Mary Lou Morris, 91, of Blanket, TX., went to be with her Lord and Savior Jesus Christ, on Saturday, December 19, 2020. The family has entrusted Heartland Funeral and Cremations with arrangements for her service. A Celebration of her life will be held at 2 p.m. Tuesday, December 22, 2020, where Mary Lou will be interred at Blanket Cemetery along with the ashes of her husband, per their wishes.

Mary Lou Bynum Morris, b. 28 May 1929 to Lois Minot (LM) Bynum and Lois Carrell Bynum on the Bynum family farm in Snyder, TX, passed quietly in Abilene, TX where she has lived the last two years. She lived in Snyder until she was about 6, when the family moved to San Antonio, where she met and married her husband, Douglas Stephen Morris, on 11 Dec 1948. She and her husband led a life of adventure from Panama to El Paso to Ft. Worth to Big Spring, finally to Blanket, TX, where they retired in 1976. Mary Lou enjoyed a full life, playing golf and gardening; she was a life-time member of the service sorority Beta Sigma Phi and a life-time member of Hermann Sons. She will always be remembered for her wit, intelligence and beauty. She was a fun, funny, loving and devoted wife and mother.

She is preceded in death by her husband, her parents, sisters, Carolyn Bynum Blundy and Mona Sue Bynum Rosfeld, and brother Stanley Asberry Bynum. She is survived by her three daughters, Glenna Pocock (Darrel Pocock), Abilene, TX; Carol Ann Morris (Mitch Blott), Gustine, TX; and Sandra Rapp (Wes Rapp), Southlake, TX; granddaughters Melissa Sanders (JD Sanders), Brenda Duffina (Dennis Duffina), Heather Whitford-Uglem and Lucy Chiu-Ting Rapp; great-grandchildren, Morgan Whitford, Larry Whitford, Tucker Uglem, Carson Uglem, Rachel Duffina, Andrew Duffina and Jenna Morotini; sisters Donna Gloyna of Lake Brownwood and Janice Coley of San Antonio.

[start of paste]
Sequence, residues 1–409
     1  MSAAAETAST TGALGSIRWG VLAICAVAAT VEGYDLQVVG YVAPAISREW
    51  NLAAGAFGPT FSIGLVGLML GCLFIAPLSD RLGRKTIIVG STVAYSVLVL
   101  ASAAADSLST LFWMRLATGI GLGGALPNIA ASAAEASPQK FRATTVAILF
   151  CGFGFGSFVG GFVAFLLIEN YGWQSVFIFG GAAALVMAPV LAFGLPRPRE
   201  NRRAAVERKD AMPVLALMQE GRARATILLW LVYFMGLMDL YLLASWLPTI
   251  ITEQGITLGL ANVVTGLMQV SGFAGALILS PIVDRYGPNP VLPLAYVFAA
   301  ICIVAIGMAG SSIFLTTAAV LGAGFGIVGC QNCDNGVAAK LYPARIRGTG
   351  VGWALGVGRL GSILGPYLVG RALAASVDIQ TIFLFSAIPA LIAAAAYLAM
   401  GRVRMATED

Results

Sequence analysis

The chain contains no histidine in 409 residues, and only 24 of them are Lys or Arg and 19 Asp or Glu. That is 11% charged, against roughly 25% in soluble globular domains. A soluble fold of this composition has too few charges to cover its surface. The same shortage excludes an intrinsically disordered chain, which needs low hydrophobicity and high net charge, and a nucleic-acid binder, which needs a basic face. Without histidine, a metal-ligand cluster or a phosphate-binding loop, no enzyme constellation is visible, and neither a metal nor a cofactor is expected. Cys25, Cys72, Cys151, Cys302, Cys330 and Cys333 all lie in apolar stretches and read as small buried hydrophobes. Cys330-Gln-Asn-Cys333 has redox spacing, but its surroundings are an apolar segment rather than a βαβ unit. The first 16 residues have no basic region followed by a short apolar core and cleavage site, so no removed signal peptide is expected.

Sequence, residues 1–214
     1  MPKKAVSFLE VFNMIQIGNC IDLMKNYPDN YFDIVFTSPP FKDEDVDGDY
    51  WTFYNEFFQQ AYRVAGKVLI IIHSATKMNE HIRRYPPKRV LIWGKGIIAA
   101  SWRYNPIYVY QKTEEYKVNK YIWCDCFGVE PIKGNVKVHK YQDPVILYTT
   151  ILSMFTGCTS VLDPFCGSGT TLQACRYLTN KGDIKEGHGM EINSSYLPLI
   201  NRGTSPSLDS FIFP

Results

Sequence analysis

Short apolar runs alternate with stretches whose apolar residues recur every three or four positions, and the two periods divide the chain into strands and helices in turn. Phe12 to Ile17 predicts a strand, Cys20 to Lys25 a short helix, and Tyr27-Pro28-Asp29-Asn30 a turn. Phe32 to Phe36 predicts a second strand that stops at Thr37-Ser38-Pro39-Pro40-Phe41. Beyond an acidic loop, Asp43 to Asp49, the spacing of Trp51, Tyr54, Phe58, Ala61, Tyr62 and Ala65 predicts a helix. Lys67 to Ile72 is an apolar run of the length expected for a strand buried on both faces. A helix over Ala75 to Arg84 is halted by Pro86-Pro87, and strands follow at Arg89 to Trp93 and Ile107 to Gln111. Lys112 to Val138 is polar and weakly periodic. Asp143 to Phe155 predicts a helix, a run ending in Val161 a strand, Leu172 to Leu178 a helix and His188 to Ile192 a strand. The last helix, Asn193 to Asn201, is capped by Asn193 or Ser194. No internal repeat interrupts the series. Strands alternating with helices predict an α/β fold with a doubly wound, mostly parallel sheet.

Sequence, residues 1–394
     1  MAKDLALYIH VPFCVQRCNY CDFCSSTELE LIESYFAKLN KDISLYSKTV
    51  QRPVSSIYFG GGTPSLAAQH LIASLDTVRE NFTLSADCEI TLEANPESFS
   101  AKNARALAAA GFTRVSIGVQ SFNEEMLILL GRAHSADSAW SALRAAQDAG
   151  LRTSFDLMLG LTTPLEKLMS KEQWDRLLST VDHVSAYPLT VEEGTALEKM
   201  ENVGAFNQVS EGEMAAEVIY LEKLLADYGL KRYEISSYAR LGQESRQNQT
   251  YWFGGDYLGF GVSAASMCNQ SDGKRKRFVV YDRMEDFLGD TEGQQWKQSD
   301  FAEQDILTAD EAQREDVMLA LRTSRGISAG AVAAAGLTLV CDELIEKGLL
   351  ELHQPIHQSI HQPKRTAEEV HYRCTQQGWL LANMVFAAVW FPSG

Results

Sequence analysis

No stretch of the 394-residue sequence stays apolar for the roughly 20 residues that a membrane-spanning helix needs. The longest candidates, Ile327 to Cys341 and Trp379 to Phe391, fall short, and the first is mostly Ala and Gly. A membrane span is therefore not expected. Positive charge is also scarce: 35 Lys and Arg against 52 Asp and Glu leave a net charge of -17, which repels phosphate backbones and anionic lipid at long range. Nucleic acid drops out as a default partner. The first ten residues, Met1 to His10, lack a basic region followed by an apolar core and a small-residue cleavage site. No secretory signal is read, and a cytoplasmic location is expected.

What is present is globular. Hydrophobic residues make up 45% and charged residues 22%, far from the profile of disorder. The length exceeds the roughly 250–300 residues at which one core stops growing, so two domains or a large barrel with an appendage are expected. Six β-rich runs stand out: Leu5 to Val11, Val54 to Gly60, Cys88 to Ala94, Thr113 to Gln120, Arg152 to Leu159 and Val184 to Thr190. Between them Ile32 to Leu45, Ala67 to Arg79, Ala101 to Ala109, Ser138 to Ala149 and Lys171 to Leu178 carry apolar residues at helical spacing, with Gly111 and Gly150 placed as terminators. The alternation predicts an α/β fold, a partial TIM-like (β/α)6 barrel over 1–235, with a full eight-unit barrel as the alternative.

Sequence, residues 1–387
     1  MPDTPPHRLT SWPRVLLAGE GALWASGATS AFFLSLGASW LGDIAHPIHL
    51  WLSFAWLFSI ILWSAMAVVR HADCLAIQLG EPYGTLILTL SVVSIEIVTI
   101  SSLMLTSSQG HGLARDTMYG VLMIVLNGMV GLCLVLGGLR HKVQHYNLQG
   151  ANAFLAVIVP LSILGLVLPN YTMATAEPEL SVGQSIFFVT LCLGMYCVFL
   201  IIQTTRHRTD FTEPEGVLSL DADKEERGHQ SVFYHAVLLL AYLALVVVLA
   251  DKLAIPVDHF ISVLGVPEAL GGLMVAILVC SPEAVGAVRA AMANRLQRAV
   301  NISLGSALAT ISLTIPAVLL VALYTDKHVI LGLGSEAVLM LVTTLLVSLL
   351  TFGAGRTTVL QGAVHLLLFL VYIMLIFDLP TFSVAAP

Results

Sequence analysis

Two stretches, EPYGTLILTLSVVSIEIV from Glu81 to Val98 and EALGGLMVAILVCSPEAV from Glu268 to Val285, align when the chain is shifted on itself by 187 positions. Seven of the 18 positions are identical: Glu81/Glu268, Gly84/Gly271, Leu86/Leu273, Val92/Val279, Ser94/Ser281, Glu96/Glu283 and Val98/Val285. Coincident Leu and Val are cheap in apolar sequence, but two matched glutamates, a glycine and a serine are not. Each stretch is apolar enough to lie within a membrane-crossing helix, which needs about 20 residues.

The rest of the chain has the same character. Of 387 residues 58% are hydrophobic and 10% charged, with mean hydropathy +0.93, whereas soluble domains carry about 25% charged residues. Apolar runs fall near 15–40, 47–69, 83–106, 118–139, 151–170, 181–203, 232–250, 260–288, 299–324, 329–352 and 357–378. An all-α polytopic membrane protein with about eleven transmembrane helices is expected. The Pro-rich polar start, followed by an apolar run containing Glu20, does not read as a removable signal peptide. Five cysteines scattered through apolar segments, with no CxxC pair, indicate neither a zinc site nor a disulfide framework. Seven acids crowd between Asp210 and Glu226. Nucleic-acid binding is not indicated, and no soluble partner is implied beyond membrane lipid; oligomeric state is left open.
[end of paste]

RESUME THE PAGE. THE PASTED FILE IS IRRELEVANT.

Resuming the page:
The family would like to extend a special thanks to the staff of Lyndale Memory Care in Abilene, TX where she was extended such loving care after her car accident in Dec. 2018, providing a safe, fun and friendly atmosphere; and to Mary Beth Slaughter, who opened her home to allow the family to spend the last few months of Mary Lou’s life being able to give her the love and affections she deserved in this trying time of COVID.

In lieu of flowers the family asks for donations to the Alzheimer’s Association or a no-kill animal shelter.

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